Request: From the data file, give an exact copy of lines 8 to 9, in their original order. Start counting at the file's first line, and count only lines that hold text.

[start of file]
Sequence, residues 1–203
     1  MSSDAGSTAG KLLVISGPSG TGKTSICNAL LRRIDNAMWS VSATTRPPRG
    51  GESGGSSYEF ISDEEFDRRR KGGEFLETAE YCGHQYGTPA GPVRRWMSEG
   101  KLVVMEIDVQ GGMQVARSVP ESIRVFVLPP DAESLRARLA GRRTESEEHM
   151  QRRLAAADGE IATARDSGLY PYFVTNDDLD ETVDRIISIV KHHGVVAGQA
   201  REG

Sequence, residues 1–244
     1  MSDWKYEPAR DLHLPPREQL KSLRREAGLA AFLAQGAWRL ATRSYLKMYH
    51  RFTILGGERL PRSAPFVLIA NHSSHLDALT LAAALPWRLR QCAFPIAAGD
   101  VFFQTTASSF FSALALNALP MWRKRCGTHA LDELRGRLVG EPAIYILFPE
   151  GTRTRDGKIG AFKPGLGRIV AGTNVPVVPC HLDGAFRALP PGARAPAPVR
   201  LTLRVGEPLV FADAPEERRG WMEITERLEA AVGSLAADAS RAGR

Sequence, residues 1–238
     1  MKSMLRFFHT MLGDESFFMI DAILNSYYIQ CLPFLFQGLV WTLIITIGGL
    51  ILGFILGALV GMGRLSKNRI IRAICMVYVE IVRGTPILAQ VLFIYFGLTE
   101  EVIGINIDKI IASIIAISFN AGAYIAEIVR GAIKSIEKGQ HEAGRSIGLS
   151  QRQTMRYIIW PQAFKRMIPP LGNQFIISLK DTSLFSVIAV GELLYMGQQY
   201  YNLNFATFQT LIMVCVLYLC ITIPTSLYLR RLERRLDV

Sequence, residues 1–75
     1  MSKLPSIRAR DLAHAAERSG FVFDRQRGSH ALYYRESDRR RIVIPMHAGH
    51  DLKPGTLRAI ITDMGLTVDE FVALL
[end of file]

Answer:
     1  MSDWKYEPAR DLHLPPREQL KSLRREAGLA AFLAQGAWRL ATRSYLKMYH
    51  RFTILGGERL PRSAPFVLIA NHSSHLDALT LAAALPWRLR QCAFPIAAGD